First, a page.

Sunday evening, we all prepared larger meals and enjoyed a great campfire. Throughout the last 2 days, we saw a great variety of birds, including migrating sandhill cranes and Canada Geese, Bald Eagles, a kingfisher, many loons, and some grebes and gulls. There were plenty of rose hips on the bushes, and a wide variety of mushrooms and fungi, none of which I can identify. There were no mosquitoes or horseflies and sunscreen wasn’t necessary. I took a quick dip after supper, to clean off. The water was brisk but tolerable.
Monday, we got started by 7:30 am, in order to have enough time to take care of everything. People packed up pretty quickly after breakfast and we had a pretty easy paddle back to the Jackson Lake portage. Once we were on the water, the sun put on a show for us. It wasn’t a hot day, but it was sunny! The final portage seemed like it got longer while we were on the lakes! Back at the parking lot, everyone was excited to change into clean, dry clothes. I opted to sponge off in the bathroom at the Lac la Biche Boston Pizza. We had a fabulous lunch there before my new companions returned to Fort McMurray, and I came home. Alberta has so many highways, so I drove on a route that was new to me, with no traffic to worry about. I stopped at Linda’s Market Garden in Smoky Lake to load up on the last of the lovely fall veggies and fruit.
I really prefer to choose my own time off, and with no paid vacation, I usually don’t take much time away from work. However, my workplace decided that there would be 4 weeks/year with no classes, so I guess that I have time off, ready or not! Most people consider late August to be summer, but in this part of the world, the summer weather ends about 6 weeks after the solstice, just after the August long weekend. There is usually a lot of nice weather ahead, but the nights and mornings are often quite cool. This week has been no exception. The mornings are in the low teens or single digits, Celsius!
My original plan was to visit Prince Albert National Park, in Saskatchewan, to paddle to Grey Owl’s cabin. However, as the week approached, I had no paddling partner, so I altered my plans to travel around Alberta, to some of the many micro-breweries that have started up over the last few years. As Friday approached, I had a sinus infection, so I took another couple of days to recuperate. I visited a couple of local “Irish” pubs at the end of the week: O’Byrne’s on Whyte Avenue and The Druid, on Jasper Avenue. The Druid was closing on the weekend, and all of their staff had been laid off with only a week’s notice, which is very sad!Sunday, I started off from Edmonton to Red Deer, only 90 minutes south. I camped at the Lions’ campground on Riverside Drive. It’s a very nice urban campground, although traffic in the area seems to have a speed problem.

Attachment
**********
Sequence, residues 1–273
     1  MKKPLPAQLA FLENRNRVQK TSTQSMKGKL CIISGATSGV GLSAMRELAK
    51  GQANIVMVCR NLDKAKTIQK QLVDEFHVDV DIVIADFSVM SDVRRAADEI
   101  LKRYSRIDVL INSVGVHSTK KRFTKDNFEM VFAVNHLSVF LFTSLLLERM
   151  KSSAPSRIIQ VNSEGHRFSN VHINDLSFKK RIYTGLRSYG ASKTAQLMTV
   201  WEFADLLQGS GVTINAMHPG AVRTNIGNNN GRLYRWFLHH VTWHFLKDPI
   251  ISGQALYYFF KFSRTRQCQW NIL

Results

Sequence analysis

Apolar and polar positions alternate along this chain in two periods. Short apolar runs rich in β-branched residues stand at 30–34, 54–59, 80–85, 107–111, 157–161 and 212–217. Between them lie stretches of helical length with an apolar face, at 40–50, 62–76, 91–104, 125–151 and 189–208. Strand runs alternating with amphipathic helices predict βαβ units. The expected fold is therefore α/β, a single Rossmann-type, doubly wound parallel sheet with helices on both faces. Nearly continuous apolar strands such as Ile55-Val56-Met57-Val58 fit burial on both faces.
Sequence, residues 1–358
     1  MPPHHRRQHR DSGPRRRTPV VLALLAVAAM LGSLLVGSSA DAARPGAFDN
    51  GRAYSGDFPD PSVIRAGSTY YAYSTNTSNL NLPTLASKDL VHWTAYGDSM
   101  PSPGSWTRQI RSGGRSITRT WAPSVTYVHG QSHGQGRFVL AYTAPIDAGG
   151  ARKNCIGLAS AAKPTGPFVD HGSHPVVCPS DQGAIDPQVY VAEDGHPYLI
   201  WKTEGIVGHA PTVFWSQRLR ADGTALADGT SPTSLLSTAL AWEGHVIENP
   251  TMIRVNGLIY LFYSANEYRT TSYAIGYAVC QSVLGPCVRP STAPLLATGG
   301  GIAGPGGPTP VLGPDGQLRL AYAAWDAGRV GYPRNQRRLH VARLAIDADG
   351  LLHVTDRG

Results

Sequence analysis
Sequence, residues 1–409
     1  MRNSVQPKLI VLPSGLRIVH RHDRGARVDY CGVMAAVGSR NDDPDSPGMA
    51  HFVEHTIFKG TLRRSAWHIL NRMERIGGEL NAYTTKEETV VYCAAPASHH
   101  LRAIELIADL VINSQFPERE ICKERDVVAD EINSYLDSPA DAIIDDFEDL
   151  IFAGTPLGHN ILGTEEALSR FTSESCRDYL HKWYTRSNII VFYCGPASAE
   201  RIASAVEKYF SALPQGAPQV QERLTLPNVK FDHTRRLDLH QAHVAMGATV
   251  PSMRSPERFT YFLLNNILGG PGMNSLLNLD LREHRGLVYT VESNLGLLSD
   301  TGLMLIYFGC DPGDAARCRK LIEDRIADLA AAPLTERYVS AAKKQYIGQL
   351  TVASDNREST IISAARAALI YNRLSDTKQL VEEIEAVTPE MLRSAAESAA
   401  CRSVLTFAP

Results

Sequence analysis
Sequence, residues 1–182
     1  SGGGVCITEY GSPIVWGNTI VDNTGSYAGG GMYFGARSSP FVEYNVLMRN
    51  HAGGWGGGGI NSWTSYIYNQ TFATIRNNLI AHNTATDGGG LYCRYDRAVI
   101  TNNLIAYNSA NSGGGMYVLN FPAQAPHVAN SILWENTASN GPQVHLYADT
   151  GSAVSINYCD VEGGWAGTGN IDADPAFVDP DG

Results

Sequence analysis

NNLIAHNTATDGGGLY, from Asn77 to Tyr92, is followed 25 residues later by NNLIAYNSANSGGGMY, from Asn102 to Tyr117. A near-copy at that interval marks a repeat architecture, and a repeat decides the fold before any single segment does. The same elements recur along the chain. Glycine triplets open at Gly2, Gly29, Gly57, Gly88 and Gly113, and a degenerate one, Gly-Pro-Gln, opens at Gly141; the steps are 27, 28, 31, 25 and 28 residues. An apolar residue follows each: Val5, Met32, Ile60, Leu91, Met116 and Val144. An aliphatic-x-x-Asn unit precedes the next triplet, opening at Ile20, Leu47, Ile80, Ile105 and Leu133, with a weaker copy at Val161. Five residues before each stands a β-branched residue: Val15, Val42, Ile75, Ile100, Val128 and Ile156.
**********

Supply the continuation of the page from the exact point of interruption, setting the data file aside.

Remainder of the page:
Sunday, I started off from Edmonton to Red Deer, only 90 minutes south. I camped at the Lions’ campground on Riverside Drive. It’s a very nice urban campground, although traffic in the area seems to have a speed problem so it was noisy in the evening. I met a running friend at Troubled Monk Brewery, in an industrial area of the city. What delicious beer they have! Their seasonal beer was very interesting because it was made with syrup made from a European ground cover plant. They also had a raspberry syrup. Their Homesteader Saison is always one of my favourites, and they filled a 1-litre growler with that for me to bring home. Apparently, I really like Belgian yeast! The weather was pleasant, and I visited a cocktail bar in Red Deer, To The Lost for supper, and to try one of their very interesting cocktails. They had some really interesting appetizers: devilled eggs and curried chickpeas. It was hard to choose one cocktail, but I wasn’t disappointed with the Inner Light that I tried. The bar is right in the historic downtown, so I spent time exploring the city gardens down the street, where all of the Pokemon players were out to play. What beautiful flowers they have in the garden.
Sunday evening was very pleasant, but sometime during the night, the wind began to howl, and the rain began to pour! When I woke up, it was too wet and windy to make breakfast at my campsite, and the temperature was only 8 degrees. I picked up some groceries and saw patches of clear sky, so I paid for a second night of camping, and drove to Olds, 1 hour south, for my second brewery visit. Olds College has been an agricultural college for more than 100 years. 3 years ago, they began to teach the fine art of brewing, which is part of the reason that there are so many fine new breweries opening around Alberta! They had 6 lovely beers on tap, including a couple of wheat beers. The brewery is counter service only, but again, I chose a 1-litre growler and had them fill it to take along, as well as buying a couple of their beers from the cooler. There was a lounge in the adjoining hotel where they sold their beer, and I sat and watched the rain pour down, while the wind tossed the tree branches around. I visited a local Indian restaurant, where $10 bought me a lovely vegetarian feast and I explored the local Pokestops. After a couple of hours, I realized that I would be spending all of my time searching for dry places to spend time indoors and that just wouldn’t be a fun camping vacation. The forecast showed that the bad weather (80K/hour winds!) would continue for at least 2 more days. Finally, I decided to return to Red Deer to pick up my soggy camping gear and continue back towards home.